Civil Wars in South Asia – State, Sovereignty, Development
“51tYLOOHJL._SX322_BO1204203200_”” alt=””51tYLOOHJL. SX322 BO1204203200 “” />South Asia is on the boil with major civil or internal wars having domestic and global consequences. The conflict in Jammu and Kashmir continues to make headlines while those in the Northeast and central India simmers with sudden strikes on the security forces by the insurgents and Maoists. There appears to be no clear resolution of the civil war and occupation in Afghanistan, even as Nepal and Sri Lanka work out their very different post war settlements. In Bangladesh the 1971 liberation war remains a political faultline. This volume demonstrates the importance of South Asia as a region. It has become necessary to deepen the study of civil wars and armed conflicts inevitably opening up questions of sovereignty, citizenship and state contours. This book originated in a workshop on civil war in South Asia held in Delhi University in 2010 which has been edited by Aparna Sundar and Nandini Sundar. While Aparna is Associate Professor, Azim Premji University in Bengaluru, Nandini is Professor of Sociology at the Delhi School of Economics, University of Delhi. The Pakistan-Afghanistan border is often referred to as one of the most dangerous places on earth. Conflicts continue to remain unresolved in Kashmir as well as Northeast India and in Myanmar’s hill regions. Even as Nepal and Sri Lanka work out their very different post-war settlements, the underlying causes of civil war remains unaddressed. The long settled civil wars such as the one resulting in the creation of Bangladesh continues to fester in both Bangladesh and Pakistan. This book has endeavoured to use the lens of the civil wars to focus on larger questions of economic development, state capacity and sovereignty in South Asia. Answers are being sought for the specificity of these processes to explain the civil war and conflict in general terms. Mass displacement has been a major issue. The partition of India and Pakistan in 1947 remains the emblematic moment for more than 12 million displaced people. Citizens continue to flee their homes or forcibly shifted as a consequence of civil war. Partition of India constitutes a foundational civil war in South Asia. Afghanistan has topped the United Nations High Commissioner for Refugees for the last 32 years with 6.2 million refugees in 1990 which is the most massive population flow not only in South Asia but anywere in the world. In 2009 the fierce climax to the three decade long civil war between the militant Liberational Tigers of Tamil Eelam and the Sri Lankan army led to massive deaths and the displacement of thousands into camps. During the same year in Pakistan two million civilians were displaced during army action in Swat and South Waziristan. In India one lakh civilians were displaced in Chattisgarh between 2005 and 2010 in the wake of the state sponsored vigilante counter insurgency operation against the Naxalites or Maoist guerillas. This has proved to be less strategic than the hamletting practised in Mizoram between 1967 and 1980 which affected 80 per cent of the population and made Mizoram the most urbanised state in India. Similar displacements occured in Nepal during the civil war and have been continuing in the hill regions of Myanmar for several decades. The dominant explanation given for the onset of civil war include greed, grievance, ethnic differences and poverty. The scholars studying civil war “”see no reason why there should be one overarching variable for the onset or termination of civil war; even when they can be fitted into one type, this is often at the risk of ignoring the complexity of factors that make up any such war.”” Greed that best explains the onset of war in Afghanistan is not the local rent seeking by various militias, but the cold war desire to control strategic regions which led to the CIA support for the mujahideen and Osama Bin Laden in the first instance. While poverty and lack of development are widely accepted as correlated to civil war, the nature of the relationship is contested. In the most common formulation it is the lack of development that creates conditions for civil war as low income levels create inadequate opportunity which in turn results in rebellious, unemployed youth readily joining insurgent groups. In post war Sri Lanka the government announced a “”Northern Spring””, ostensibly aimed at bringing growth and development to the North and reintegrating Tamils into the national mainstream. The ground evidence, however, shows that much of the new economic growth in this region is the result of resettlement and home building in areas in this region colonised for the families of Sinhala soldiers who fought in the war or for various military enterprises. Studies reveal Pakistan is not a failed state in the sense of Congo or Rwanda. It is a dysfunctional state and has been so for almost four decades. At the heart of this dysfunction is the domination by the army and every period of military rule has made things worse. This has prevented the emergence of stable political institutions. In central India it is the extension of a corrupt and repressive police force which was one of the grievances that helped fuel support for the Naxalites. On the other hand, parts of India such as the western ganglands of Uttar Pradesh have the highest number of gun wielding civilians with mafia like dons who run their own regimes of instance justice. These are often folded into state structures of authority rather than opposed to them. If the police was used to control populations rather than resolve their problems with crime, the army was used ‘in aid of civil power’. A law like the Armed Forces Special Powers Act (AFSPA) which gives the army the right to shoot to kill on mere suspicion in “”disturbed areas”” needs to be set against a range of other provisions and laws which give impunity to the police. In its security policy based on covert warfare through Islamist militants in neighbouring states, Pakistan not only empowered militant clerics in the border region with Afghanistan but made them vital and strategic allies. This in turn has created a genie which has now come to bite as the writ of the Pakistani state in large swathes of FATA has collapsed leading to frequent bomb blasts, suicide attacks and kidnappings of innocent civilians.The changing rules of positive international law are indeed indicative of a new political culture of sovereignty that has shifted from one of impunity to one of responsibility and accountability. The book has ten chapters by scholars which has been classified as (1) wars due to regional, linguistic and ethnic discrimination (Bangladesh, Sri Lanka); (2) wars due to regional ethnic discrimination but also the unfinished business of decolonisation (Kashmir, Northest India, Myanmar); (3) wars for democracy and redistribution (Nepal, central India); and (4) wars intiated or conditioned by the Cold War and the ‘war on terror’ (Afghanistan and Northwest Pakistan). The book casts common light on these diverse cases along with demarcating civil war as a critical field of study in the politics of South Asia.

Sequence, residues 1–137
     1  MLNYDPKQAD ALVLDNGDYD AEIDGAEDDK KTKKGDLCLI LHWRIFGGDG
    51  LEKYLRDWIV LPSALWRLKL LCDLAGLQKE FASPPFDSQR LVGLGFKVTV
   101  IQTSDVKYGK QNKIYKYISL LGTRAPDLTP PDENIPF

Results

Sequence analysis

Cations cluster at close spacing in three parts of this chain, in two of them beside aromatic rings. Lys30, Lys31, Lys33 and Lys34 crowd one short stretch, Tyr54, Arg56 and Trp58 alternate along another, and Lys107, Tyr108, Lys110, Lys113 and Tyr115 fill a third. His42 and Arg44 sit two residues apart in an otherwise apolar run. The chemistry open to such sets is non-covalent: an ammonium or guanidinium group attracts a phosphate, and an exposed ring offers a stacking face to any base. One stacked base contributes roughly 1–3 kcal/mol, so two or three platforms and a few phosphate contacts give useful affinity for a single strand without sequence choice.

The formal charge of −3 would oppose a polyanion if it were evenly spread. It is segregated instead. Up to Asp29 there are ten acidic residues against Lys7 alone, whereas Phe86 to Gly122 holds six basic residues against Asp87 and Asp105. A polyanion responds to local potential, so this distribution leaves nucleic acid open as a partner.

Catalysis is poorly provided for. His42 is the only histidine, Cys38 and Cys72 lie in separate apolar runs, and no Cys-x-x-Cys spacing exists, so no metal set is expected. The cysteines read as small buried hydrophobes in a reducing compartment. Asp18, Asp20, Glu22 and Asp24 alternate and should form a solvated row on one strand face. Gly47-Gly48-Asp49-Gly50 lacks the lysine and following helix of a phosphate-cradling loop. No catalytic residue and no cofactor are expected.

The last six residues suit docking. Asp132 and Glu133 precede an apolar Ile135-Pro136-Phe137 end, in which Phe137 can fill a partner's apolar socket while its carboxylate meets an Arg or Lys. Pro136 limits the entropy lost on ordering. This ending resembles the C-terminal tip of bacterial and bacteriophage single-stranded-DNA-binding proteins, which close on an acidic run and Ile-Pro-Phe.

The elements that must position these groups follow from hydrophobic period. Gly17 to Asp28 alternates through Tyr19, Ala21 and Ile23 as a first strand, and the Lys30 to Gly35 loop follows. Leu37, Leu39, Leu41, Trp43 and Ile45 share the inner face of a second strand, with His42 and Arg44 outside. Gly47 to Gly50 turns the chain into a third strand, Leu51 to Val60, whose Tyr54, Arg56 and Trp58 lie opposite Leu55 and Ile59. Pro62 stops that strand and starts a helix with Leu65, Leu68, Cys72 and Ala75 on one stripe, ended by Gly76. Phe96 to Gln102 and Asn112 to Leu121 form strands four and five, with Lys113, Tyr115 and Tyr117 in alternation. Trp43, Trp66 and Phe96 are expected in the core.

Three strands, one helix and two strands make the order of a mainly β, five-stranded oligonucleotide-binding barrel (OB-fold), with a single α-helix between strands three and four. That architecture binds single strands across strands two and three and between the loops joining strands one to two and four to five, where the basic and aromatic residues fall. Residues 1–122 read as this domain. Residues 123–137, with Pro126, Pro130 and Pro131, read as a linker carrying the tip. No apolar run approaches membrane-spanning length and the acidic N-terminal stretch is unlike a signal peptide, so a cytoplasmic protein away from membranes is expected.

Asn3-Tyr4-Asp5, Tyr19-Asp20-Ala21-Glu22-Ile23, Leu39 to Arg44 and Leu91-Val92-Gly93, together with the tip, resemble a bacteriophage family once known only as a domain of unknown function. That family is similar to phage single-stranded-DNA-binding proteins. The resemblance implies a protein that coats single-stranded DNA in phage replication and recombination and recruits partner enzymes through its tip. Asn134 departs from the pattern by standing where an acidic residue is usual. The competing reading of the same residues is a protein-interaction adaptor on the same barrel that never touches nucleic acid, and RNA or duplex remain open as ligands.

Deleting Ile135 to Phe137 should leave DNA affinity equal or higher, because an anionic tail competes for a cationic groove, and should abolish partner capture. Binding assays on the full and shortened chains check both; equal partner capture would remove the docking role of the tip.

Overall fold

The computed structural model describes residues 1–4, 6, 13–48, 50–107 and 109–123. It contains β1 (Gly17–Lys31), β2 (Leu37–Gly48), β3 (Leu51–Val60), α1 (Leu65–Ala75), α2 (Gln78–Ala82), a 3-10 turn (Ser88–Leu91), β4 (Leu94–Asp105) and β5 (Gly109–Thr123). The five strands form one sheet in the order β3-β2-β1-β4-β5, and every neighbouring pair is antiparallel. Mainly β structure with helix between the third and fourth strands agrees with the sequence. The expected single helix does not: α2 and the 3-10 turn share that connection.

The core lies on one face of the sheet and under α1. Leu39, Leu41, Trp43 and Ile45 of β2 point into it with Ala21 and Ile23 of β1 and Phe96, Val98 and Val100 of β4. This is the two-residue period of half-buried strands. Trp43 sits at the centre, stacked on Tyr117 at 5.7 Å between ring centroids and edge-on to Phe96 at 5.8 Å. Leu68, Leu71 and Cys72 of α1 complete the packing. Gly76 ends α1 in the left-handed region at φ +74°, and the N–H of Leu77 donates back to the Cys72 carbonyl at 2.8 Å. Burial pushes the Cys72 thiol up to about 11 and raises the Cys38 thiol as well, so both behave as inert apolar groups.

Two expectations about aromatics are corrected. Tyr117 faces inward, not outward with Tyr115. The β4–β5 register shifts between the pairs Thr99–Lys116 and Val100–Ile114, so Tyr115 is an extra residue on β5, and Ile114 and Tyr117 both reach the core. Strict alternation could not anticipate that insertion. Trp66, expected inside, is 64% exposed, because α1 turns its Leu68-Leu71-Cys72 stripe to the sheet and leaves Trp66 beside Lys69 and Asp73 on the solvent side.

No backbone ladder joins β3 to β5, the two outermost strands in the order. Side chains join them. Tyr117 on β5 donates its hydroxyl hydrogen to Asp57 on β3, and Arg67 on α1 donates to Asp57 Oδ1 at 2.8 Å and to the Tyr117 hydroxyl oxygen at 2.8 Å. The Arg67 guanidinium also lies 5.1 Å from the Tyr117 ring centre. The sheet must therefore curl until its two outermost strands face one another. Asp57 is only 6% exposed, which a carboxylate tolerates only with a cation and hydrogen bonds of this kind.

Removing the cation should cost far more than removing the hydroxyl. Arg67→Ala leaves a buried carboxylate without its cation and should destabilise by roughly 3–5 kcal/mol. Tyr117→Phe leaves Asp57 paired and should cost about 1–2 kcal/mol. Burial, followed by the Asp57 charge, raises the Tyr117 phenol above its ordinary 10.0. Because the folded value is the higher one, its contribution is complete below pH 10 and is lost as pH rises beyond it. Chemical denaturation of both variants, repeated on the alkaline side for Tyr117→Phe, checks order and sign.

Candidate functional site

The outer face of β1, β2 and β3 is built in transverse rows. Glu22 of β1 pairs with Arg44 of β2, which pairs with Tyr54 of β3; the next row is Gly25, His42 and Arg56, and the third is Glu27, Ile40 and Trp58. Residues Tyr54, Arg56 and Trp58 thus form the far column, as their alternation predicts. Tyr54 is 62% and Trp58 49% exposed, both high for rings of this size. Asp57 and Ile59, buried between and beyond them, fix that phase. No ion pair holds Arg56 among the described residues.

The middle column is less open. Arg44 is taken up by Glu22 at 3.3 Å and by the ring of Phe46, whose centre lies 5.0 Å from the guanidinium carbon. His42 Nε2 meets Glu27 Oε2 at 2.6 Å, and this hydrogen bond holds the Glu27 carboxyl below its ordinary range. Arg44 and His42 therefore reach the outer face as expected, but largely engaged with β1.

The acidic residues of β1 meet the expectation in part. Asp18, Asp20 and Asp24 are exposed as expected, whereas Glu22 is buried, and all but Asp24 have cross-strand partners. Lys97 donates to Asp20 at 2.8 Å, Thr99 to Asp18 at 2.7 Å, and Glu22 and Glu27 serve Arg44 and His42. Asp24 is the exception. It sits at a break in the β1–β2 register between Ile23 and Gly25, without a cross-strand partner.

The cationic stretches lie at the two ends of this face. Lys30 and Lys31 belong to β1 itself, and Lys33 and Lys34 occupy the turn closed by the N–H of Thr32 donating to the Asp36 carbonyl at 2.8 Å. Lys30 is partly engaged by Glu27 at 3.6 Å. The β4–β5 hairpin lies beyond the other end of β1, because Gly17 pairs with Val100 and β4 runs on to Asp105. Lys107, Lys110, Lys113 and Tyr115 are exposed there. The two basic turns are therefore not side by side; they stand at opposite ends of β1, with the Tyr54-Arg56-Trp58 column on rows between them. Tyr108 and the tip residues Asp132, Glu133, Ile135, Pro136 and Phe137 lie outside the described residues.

|Book||:||Civil Wars in South Asia — State, Sovereignty, Development|
|Author||:||Aparna Sundar and Nalini Sundar|
(T R Ramachandran is a senior journalist and commentator.)